Switching Banks? Here Are 10 Things Everyone Should Know About First


There have been a lot of changes in the banking world over the course of the last several years, and as a result, it has led many people to consider switching banks. But, doing so may cause more problems than expected if you don’t know what you’re getting into. Fees, account types and varying requirements aren’t as clear as they used to be, and it seems just when you think you have it all down, it changes yet again.

So, if the terms, conditions and fees of your bank seem to be ever-changing and no longer in your best interest, it very well may be time you made a move. Another institution may suit your specific needs more effectively, as well as save you time and money in the process. But, just as there are many reasons to leave your bank, there might be some reasons to stay, too.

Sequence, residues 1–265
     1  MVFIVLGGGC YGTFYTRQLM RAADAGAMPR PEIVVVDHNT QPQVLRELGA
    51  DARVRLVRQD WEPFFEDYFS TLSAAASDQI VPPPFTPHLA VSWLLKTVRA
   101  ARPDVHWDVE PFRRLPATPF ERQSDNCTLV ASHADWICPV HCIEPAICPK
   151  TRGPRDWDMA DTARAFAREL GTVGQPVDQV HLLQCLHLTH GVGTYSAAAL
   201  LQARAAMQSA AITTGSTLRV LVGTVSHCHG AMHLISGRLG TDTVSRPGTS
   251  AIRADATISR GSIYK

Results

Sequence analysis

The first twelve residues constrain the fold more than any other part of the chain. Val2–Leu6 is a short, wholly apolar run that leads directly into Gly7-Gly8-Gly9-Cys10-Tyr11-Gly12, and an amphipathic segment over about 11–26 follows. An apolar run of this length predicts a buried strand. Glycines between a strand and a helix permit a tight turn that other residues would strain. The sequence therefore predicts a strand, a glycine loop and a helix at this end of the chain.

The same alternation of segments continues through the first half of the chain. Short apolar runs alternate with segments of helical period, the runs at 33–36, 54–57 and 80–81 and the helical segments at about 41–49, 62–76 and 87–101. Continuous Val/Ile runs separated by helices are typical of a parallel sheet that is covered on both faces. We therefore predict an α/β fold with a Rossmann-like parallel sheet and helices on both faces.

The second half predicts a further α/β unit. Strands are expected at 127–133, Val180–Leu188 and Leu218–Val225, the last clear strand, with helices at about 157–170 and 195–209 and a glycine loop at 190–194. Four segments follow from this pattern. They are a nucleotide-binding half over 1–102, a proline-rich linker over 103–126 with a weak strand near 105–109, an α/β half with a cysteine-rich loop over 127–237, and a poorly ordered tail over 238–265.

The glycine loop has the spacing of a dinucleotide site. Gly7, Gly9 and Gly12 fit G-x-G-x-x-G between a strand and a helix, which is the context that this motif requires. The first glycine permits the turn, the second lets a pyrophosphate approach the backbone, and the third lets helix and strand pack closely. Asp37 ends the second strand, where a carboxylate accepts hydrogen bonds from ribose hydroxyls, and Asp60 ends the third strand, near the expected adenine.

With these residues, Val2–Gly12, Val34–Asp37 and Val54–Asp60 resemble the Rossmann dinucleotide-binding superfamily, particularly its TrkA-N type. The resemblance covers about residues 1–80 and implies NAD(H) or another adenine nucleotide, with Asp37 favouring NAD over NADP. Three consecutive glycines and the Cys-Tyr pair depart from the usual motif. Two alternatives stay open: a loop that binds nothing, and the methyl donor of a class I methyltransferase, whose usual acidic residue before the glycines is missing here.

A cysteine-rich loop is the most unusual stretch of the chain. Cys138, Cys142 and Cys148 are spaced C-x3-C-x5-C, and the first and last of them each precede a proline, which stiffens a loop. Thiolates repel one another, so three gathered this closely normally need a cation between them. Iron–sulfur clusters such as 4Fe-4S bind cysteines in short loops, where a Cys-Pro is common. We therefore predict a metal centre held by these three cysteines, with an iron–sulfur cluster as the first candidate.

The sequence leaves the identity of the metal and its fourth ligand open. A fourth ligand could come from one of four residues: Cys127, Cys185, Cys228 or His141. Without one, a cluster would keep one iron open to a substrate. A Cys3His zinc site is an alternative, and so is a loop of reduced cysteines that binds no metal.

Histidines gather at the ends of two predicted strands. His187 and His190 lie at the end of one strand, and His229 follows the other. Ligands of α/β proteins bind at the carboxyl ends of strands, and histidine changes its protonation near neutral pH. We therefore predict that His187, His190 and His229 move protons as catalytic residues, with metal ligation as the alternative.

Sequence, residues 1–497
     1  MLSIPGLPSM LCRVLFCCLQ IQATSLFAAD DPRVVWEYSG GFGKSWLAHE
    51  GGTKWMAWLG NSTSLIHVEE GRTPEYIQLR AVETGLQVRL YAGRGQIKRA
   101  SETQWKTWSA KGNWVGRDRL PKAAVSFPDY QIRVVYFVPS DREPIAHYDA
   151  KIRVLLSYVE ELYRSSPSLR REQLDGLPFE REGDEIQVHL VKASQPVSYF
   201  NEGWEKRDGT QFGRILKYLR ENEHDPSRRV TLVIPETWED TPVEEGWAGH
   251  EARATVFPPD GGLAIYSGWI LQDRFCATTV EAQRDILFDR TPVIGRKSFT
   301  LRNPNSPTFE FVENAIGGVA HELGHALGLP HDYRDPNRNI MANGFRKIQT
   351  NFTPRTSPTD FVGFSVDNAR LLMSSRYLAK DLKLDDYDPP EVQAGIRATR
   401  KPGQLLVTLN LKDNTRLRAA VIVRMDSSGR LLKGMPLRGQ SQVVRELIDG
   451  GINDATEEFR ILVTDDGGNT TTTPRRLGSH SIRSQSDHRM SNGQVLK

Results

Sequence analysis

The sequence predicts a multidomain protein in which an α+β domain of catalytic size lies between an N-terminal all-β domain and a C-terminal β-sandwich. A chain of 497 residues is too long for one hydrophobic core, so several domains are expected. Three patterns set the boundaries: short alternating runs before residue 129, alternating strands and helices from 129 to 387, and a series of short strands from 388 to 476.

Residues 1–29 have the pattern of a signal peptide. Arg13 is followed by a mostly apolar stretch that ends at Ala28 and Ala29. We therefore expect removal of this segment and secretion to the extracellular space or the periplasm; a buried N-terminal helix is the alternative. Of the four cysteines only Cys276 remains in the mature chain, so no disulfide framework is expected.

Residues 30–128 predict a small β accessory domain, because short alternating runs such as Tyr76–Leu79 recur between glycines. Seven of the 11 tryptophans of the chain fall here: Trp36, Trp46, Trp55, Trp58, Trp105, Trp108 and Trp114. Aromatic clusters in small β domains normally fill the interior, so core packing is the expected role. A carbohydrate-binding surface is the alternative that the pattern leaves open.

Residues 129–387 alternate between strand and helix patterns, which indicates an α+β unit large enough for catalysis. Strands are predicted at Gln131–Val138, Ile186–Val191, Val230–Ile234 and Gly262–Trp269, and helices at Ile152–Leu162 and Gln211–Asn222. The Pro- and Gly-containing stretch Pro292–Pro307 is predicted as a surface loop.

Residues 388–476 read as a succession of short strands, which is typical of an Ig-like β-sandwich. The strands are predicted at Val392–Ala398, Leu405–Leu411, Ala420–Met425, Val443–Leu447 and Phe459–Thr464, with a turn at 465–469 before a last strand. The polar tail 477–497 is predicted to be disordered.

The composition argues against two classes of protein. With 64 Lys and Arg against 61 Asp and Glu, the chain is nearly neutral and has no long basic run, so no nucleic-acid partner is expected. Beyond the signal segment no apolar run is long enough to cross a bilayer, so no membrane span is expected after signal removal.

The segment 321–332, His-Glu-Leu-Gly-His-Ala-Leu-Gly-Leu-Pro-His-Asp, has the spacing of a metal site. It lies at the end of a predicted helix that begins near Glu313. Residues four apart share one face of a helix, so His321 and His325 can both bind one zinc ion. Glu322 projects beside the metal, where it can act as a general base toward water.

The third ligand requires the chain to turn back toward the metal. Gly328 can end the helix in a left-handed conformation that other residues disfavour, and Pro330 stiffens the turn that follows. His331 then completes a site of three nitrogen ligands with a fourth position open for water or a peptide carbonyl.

It’s important to consider all the variables when making such and important decision, and knowing what to ask is just as important as the answers you may receive. The following are ten things to look out for when you are considering switching banks:

Sign-up Bonuses and Promotions

There are several banks will give you a sign-up bonus or some kind for moving your money to them – and sometimes it’s cash. These bonuses may be up to several hundred dollars or more, and are usually dependent upon the amount of your initial deposit, as well as some other various conditions like minimum account balances and a minimum time before the bonus is paid.

Often they are sent out as promotional mailers, but if you ask if the institution features and kind of bonus for signing up, they will usually give it to you. In addition, for those banks not offering a cash promotion, there may be options for a period of waived fees and charges. It doesn’t hurt to ask.